This year’s Geneva Motor Show (which runs through this Sunday in case you’re in the neighborhood) is stacked to the rafters with new tuned and customized cars from Europe’s most popular tuners. It’s almost enough to make a person’s head spin. And all those tuned cars – as well as the numerous stock vehicles – also draw attention away from the vehicles that don’t fit into either of those categories.
Vehicles like, say, this highly-customized chopper. But it hasn’t been built by Arlen Ness or some other well-known chopper shop; no, it’s a product of Hamann. Yes Hamann, the firm better known for sprucing up four-wheeled conveyances from various and sundry European nameplates like Mercedes-Benz and BMW. So what is it doing fooling with an American-style, American-powered motorcycle?
Well, for one thing, it’s called the Soltador. For another thing, it’s a motorcycle based on Hamann’s own frame, called the Race Edition. But that’s not the only Hamann part on this thing: The 18” wheels, exhaust system, air filter, swingarm and foot pegs are all manufactured by Hamann. The whole bike is long and low, and cloaked predominantly in black. However, that black is accented by dabs of gold trim and, more significantly, scenes depicting significant moments from Porsche racing history. Yes, it’s an odd choice for artwork adorning any motorcycle’s gas tank and bodywork, much less a chopper. But we do like the subject matter.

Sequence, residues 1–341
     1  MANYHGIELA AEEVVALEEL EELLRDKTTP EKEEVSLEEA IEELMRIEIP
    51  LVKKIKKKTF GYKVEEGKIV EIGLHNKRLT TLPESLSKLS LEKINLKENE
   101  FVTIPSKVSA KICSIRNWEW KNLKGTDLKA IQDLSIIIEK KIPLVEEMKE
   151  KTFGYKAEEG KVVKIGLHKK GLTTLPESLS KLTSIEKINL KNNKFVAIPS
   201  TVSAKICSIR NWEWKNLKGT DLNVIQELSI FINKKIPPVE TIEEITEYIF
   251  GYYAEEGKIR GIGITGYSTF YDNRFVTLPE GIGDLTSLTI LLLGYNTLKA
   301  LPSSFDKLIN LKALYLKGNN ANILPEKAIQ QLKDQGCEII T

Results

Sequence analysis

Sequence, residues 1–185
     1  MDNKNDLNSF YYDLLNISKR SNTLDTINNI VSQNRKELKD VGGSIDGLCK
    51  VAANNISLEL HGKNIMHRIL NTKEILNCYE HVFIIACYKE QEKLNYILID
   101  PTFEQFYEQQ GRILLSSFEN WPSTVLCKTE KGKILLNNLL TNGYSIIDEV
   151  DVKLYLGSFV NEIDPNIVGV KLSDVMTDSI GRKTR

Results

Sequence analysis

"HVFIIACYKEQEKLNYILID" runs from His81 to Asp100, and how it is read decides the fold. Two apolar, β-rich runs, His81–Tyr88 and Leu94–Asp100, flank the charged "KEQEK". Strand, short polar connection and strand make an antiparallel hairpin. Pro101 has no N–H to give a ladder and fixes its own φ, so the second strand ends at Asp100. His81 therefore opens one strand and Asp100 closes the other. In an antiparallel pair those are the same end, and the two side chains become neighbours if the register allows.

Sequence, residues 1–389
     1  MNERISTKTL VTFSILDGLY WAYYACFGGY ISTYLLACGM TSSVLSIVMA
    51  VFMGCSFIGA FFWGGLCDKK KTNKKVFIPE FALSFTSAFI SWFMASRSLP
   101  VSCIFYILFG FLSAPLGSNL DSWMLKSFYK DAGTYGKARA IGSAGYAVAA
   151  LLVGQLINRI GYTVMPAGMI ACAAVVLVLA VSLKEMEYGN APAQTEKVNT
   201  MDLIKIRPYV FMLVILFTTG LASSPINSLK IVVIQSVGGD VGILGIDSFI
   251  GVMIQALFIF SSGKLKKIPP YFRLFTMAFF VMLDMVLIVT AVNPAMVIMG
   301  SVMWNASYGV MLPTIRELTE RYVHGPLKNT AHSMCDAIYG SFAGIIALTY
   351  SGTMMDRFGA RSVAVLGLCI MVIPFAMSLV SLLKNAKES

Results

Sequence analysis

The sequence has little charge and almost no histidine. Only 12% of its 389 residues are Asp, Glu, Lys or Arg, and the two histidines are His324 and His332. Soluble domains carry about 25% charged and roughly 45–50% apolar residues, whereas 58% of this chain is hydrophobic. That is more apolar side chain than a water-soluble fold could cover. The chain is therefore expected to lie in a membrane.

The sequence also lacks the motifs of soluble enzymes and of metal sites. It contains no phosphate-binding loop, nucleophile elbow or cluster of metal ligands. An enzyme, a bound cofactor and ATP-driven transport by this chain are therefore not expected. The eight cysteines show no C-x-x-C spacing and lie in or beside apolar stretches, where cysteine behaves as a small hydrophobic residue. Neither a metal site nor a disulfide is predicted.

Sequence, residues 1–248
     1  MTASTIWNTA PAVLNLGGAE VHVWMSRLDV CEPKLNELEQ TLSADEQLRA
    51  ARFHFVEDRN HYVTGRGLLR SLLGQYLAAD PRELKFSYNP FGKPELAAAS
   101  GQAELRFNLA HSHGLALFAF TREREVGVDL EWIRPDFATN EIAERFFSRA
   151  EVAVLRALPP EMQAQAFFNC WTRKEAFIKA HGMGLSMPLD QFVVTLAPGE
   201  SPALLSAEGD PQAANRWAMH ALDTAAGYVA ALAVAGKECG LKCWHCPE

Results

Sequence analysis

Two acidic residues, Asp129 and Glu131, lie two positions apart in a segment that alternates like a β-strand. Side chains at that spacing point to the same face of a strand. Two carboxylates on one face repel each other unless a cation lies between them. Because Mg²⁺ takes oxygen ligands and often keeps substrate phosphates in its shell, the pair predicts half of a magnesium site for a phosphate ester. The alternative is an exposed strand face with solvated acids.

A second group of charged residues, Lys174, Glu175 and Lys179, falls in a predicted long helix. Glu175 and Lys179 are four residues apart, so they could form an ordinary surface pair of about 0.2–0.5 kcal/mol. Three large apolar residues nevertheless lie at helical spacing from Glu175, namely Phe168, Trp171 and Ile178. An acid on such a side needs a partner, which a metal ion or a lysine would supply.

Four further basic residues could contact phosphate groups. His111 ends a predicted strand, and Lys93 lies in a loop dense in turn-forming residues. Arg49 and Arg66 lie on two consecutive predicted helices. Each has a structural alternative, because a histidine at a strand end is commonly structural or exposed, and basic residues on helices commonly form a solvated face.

We also like what’s powering this hog. It’s a Harley-Davidson Twin Cam B V-twin measuring in at 1,900cc and producing 160hp. Matched to a 6-speed Harley-Davidson transmission and a belt drive from NH Power, Hamann says it’s capable of launching the 639 lb. Soltador to 62 mph in 3.3 seconds and a top speed that is, ahem, “sufficient.” Yeah, this ain’t no poser bike…
Of course, if the cornea-flattening performance wasn’t enough to dissuade the Sons of Anarchy superfans of the world, the roughly $156,000 asking price certainly should be. But there’s no need to get on the horn to Hamann yesterday; it plans to build more than one, but not enough to fill every street in Sturgis, either. After all, the company still has cars to tune, you know…